The numbers aren't that easy. Likely far more than 2% of combat arms men are uneasy or hostile to homosexual men. Some of those who are uneasy or even hostile may be ready to try to accept homosexual team members. Some aren't going to come around no matter what the leadership try to do.
The Israeli experience is surely different from the American experience. A key element remains: there is nothing inherent in homosexual people that makes them unfit for military service. Or if there is, no one has produced evidence of it.
Thanks for keeping with the conversation, Geoff.
I agree with your "A key element remains: there is nothing inherent in homosexual people that makes them unfit for military service."
And, that alone is not enough to outweigh the other "key elements" for not now, as discussed in my prior posts and this one.
This post just added more facts undermining one of the spurious claims being made for now.
"Inherent" that is to say a genetic, or behavorial pre disposition to a particular response. That does not include a conversation about recruitment. Recruitment into a particular type of behavio
From what I have seen of the IDF through my children's experience, there are a quite a few open gays doing desk jobs in Tel Aviv--which is honorable service, don't misunderstand me--and fewer 'out' in the combat units. That may miminize the chances for personal conflict. But the plural of anecdote is not 'data', etc.
By "inherent" I mean something about homosexual activity or homosexual orientation itself. I make no reference here to where the same-sex attraction originates. Experience shows that homosexual soldiers perform their duties along the same gamut as other soldiers -- in support or in combat arms.
In the end, regardless of official accepting policy, it may prove that most homosexual servicemembers choose to be quiet and fly below the radar. Let the choice be his or hers, I say. Not at risk of discharge.
Oh, testify! "The plual of anecdote is not data." So very true!
As this and other posts show, there is no data collected. But, there are numerous anecdotes, leaning heavily toward that gays in the military are usually in support roles, not combat, whether serving openly or not. Reasons include their motivation and rejection by those at the frontline units.
It is similar for females.
Indeed, this may be the best argument for repeal of DADT, in that much of the concern may be overblown re; combat units.
But, without collecting data directly on this, which hasn't been done, rushing forward is unwise and reckless, particularly now. Yet, the "politically correct' refuse to gather direct data. So, we're asked to buy a pig in a poke instead.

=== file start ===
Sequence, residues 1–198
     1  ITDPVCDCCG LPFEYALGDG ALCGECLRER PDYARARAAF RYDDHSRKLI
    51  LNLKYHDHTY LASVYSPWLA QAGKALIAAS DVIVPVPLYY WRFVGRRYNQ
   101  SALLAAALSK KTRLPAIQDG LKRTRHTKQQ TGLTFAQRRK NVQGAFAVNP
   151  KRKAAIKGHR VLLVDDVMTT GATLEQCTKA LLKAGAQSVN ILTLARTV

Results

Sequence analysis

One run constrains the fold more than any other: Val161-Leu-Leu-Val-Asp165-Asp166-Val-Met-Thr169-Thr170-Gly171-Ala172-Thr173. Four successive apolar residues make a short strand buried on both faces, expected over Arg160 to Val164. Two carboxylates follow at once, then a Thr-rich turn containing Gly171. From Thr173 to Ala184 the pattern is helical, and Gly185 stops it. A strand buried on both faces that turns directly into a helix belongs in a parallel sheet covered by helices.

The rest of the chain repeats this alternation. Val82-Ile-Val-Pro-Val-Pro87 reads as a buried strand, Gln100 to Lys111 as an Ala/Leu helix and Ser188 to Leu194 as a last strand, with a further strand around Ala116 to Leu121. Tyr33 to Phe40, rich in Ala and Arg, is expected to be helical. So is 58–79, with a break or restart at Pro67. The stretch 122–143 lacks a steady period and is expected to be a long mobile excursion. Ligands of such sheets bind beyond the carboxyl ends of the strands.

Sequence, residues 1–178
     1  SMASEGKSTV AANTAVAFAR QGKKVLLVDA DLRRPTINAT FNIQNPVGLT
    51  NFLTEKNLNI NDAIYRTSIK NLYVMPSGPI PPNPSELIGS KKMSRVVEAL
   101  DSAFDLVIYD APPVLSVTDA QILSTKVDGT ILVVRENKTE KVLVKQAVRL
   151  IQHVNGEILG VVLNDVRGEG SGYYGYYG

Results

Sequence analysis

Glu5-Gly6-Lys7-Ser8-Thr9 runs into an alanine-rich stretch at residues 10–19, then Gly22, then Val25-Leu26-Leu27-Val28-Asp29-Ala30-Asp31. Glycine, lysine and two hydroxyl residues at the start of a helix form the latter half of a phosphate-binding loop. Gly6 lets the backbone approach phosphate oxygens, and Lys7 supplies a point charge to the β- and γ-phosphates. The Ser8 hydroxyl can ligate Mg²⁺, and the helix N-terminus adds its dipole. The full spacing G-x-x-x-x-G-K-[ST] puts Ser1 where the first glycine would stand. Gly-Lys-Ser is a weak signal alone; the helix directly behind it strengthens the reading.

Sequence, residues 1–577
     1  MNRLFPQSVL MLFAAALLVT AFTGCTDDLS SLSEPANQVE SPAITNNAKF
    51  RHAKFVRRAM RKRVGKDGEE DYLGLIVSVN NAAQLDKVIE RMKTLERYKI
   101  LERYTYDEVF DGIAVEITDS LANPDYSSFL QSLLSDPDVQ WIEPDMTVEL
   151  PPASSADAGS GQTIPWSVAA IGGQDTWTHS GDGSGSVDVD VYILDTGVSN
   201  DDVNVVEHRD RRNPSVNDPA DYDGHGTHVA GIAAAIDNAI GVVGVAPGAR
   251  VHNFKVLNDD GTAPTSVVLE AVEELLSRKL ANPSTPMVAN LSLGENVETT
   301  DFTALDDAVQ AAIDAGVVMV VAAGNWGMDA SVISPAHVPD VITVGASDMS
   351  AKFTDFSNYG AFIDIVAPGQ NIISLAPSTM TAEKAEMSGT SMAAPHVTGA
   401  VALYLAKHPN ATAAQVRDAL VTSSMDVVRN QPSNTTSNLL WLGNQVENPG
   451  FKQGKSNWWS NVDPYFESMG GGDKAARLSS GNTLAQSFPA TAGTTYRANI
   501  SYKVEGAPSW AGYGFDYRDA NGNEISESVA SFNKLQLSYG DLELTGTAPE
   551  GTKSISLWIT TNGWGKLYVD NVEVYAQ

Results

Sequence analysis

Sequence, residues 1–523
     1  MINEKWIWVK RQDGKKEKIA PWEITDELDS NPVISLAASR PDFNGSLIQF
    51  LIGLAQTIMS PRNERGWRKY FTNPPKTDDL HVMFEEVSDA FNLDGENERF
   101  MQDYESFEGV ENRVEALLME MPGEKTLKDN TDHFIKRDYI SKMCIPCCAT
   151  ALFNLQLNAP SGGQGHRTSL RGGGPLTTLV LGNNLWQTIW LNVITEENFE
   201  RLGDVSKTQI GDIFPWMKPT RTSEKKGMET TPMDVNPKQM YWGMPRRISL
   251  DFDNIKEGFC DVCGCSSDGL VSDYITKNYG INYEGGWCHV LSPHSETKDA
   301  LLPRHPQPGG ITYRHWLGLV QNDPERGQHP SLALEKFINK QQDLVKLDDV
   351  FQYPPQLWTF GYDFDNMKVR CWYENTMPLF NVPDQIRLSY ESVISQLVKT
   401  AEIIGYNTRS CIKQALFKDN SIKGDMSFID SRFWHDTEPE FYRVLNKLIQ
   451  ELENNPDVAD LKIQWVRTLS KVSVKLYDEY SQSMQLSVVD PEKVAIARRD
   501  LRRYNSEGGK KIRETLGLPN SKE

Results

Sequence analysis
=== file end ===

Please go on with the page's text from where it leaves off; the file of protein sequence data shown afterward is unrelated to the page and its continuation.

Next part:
First of all, the Israeli military is comprised of draftees. All must serve, except Orthodox Jewish women, married women, many full time Rabbinical students, Arabs, and people with medical problems. When Israeli Arabs are included in the statistics, most Israeli teens (that's over 50% Bruce) do not complete their IDF service.
The IDF published statistics which showed a rise in the relative number of draft evaders – people who falsely declare medical or mental problems, or otherwise avoid conscription dishonestly.
So why blame the "most religious observants"?
Get your facts straight. Then write an article that actually addresses the issue.
So, although it should be included, why would adding the draft avoidance encouraged by the Left in Israel undermine the case that Israel's open service is a guide to repeal of DADT? Instead, it demonstrates that the Left's pushing of enlarged "gay rights' is not concerned with concern for a larger source of those who serve.
Get your arguments straight (no pun intended).
I agree that some people pushing for open acceptance of homosexual servicemembers are enemies of the Armed Forces and may hope that such a policy will weaken the services.
I think they are wrong. I think that open acceptance of homosexual servicemembers will be mostly a non-event.
Excluding homosexual servicemembers, or including them, is a policy debate that defies hard data analysis. We are not likely to do a controlled study of combat unit cohesion (how to measure?) with some units excluding homosexual members and others including them openly.
When I first joined the military, homosexual conduct was prohibited. Now it looks like they might permit it. I'm getting out before it becomes mandatory.